Experts agree that Canadian hotel operators often fail to see that the opportunity to build favourable revenue dwells in the sweet spot when the property is naturally at its highest occupancy. In most markets, especially those populated by commercial transient properties, the most lucrative business period is mid-week, Monday through Wednesday or Thursday. But Larone believes that a hotelier who consumes himself with the business of occupancy devotes energy to chasing unprofitable business — guests who wouldn’t otherwise be inclined to visit. These guests are attracted by low rates, typically found through online channels and opaque sites where commissions are high. This approach creates undesirable business in a blind scramble to fill rooms with guests who tend to be hard on their rooms and who proceed to post unflattering remarks on social-media sites about their experience. (The vast majority of negative TripAdvisor scores, points out Larone, derive from those erstwhile weekend guests.) “I’m looking at this and saying, ‘Why is this focus on getting occupancy at any cost a strategy?’ It’s a lower-margin business that drags your property down quicker,” notes the PKF director.
Instead, Larone recommends operators run a leaner operation in the need periods (generally low season and weekends) and concentrate on attracting clients during the week, when there’s more opportunity to yield a higher rate. “Chasing business that you can only attract when you’re giving away your property?” he scoffs. “There’s not an MBA school in the country that would recommend that.”
So, if this is the no-brainer it appears to be, why aren’t more hoteliers thinking in these terms? It’s apprehension, but it’s a fool’s game, sums up Gadbois. “There will always be someone on sale for whatever reason, and there is concern that consumers will always gravitate to the lowest-priced product, but that’s just not so.”
HISTORY REPEATS ITSELF
In most markets, travel patterns are fairly consistent, so hoteliers shouldn’t worry about losing business when they raise rates. “You’re going to lose it to who?” Larone sputters. “Everybody else is full. Those guys can mail their occupancy in for next year by day of the week, if they’ve been there long enough. Salespeople talk themselves into this. It’s the craziest thing.”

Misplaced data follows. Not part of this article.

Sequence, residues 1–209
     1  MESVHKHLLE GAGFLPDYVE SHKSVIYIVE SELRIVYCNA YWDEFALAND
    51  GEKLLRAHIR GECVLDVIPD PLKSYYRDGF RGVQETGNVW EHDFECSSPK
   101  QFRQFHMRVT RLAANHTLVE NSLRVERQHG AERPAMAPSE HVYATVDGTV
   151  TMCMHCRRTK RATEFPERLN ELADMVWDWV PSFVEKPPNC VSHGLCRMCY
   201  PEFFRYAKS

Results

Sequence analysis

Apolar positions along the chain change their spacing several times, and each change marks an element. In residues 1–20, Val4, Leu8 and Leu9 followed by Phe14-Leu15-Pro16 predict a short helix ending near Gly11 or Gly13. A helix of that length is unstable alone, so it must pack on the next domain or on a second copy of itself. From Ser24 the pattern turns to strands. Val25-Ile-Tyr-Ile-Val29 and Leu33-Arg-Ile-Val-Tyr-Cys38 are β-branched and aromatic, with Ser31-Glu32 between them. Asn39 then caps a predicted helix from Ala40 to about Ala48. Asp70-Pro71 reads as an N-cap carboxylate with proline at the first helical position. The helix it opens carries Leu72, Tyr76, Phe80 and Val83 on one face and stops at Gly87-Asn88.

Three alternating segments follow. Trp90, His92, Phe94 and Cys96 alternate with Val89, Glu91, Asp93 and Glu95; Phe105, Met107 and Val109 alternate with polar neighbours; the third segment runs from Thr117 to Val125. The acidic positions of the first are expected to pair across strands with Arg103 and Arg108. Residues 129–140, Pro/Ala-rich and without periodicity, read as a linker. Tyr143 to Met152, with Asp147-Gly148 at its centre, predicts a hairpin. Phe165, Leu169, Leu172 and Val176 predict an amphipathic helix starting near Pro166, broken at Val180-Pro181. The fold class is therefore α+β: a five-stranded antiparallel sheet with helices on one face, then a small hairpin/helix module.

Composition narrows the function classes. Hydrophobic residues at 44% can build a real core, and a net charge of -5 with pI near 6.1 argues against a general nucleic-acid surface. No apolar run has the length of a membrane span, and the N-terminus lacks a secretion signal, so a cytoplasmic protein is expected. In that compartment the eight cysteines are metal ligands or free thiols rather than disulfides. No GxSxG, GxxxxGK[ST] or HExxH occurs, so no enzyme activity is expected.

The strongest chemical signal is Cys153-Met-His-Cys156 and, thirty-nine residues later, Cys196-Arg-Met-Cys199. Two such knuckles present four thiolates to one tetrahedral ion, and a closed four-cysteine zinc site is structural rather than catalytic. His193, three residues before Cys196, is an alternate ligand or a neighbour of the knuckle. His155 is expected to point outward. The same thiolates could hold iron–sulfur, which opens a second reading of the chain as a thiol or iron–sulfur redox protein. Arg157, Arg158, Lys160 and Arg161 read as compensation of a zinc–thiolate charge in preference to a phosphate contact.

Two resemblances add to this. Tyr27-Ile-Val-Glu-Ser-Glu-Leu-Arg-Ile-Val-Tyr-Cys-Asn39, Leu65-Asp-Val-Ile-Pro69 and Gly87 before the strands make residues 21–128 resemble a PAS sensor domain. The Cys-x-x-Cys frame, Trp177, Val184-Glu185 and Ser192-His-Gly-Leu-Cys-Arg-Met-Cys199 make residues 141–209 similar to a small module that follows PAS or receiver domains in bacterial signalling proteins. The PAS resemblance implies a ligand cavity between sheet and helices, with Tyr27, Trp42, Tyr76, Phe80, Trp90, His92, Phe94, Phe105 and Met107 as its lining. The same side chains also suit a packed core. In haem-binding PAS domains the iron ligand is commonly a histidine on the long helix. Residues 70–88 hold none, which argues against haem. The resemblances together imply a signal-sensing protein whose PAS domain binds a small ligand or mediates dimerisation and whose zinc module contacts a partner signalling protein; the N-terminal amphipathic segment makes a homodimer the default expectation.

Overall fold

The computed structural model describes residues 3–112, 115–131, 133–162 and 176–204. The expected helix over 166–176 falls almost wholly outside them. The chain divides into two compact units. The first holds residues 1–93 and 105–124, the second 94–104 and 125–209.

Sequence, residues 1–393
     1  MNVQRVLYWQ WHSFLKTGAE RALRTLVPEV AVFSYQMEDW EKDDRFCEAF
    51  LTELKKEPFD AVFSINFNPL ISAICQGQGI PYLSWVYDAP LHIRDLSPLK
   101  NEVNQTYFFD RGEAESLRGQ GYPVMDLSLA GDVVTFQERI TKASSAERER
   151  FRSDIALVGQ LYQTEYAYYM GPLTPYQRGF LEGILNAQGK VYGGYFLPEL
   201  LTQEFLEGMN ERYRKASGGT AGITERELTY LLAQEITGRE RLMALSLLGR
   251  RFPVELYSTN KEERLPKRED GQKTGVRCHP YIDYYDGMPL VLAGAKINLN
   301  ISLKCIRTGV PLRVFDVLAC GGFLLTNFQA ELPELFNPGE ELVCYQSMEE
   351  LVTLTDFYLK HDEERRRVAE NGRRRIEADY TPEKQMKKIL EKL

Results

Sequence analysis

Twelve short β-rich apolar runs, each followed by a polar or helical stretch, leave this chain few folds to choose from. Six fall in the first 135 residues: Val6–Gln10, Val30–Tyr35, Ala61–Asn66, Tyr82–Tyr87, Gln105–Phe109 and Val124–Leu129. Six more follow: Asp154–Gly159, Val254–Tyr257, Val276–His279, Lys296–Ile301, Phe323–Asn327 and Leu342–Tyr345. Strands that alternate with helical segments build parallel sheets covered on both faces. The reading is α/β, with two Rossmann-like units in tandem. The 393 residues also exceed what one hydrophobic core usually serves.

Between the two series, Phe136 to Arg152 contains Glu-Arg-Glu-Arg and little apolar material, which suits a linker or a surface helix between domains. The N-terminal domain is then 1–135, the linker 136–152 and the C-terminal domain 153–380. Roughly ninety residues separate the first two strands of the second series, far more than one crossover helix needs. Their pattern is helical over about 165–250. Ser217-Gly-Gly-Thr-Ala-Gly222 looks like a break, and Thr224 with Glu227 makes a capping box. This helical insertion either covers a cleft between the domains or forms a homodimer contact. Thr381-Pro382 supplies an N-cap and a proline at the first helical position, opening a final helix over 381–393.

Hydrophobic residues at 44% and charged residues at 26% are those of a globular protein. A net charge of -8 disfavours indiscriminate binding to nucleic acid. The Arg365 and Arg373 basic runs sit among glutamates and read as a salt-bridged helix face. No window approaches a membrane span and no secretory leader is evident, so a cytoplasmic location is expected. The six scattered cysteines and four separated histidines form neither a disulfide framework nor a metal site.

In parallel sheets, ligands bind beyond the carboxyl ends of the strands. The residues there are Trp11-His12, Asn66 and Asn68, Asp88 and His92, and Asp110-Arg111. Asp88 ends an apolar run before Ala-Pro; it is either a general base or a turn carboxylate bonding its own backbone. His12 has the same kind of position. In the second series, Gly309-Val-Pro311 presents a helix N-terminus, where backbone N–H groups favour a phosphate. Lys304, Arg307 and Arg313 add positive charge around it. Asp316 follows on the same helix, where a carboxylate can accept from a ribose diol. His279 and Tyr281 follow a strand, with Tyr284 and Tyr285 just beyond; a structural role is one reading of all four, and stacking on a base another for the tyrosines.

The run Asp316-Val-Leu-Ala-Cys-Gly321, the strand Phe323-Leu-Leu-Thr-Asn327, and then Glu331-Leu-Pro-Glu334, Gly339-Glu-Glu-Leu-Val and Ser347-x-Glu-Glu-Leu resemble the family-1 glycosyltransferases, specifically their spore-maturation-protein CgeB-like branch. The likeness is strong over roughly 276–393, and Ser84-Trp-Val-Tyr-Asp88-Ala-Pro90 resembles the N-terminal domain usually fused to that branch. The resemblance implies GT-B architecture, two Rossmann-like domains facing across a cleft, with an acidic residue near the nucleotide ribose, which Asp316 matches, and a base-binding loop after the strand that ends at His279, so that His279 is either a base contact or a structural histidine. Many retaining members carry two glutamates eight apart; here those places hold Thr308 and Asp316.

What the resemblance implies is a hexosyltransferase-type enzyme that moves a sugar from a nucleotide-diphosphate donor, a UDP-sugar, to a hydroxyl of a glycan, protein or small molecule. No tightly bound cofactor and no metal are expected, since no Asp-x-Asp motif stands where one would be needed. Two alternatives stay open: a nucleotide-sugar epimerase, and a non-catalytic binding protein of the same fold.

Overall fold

Indeed it is, agrees Gadbois. On a third Tuesday in November, with no city-wide events in sight, hoteliers have to trust their hotels will be full if they’re typically full on the third Tuesday in November. And, he says, “They must price themselves accordingly.” That’s the key.
WHERE TO START
The solution? According to the Four Seasons’ Thompson, hoteliers should think less about the top end of their room pricing structure and more about the bottom end. By limiting the number of pack-ages it has available, a property’s overall rates are spiked simply because there aren’t as many lower rates available. Enacting this tactic when you’re starting to see some demand is a better first step than automatically increasing your rates, otherwise “you could out-price yourself from the market,” she deduces.
More than that, owners and managers need to focus on rate and revenue management rather than occupancy and competitor activities. It’s a commitment that needs to start at the top so that the soldiers on the firing line can feel comfortable asking for a higher rate from guests. After all, you can’t, as Larone says, “spend occupancy.”
It’s a paradigm shift that’s going to take time to set in. Those with a stake in the game agree that individual operators need to take the lead and hold firm. “The best I can do is talk as a spokesperson to the industry that we should be more disciplined,” says Gadbois. “And, within my corporation, I can apply stringent guidelines as to what can and can’t be done, pricing-wise. Everyone’s got their special cocktail sauce. That’s part of ours.”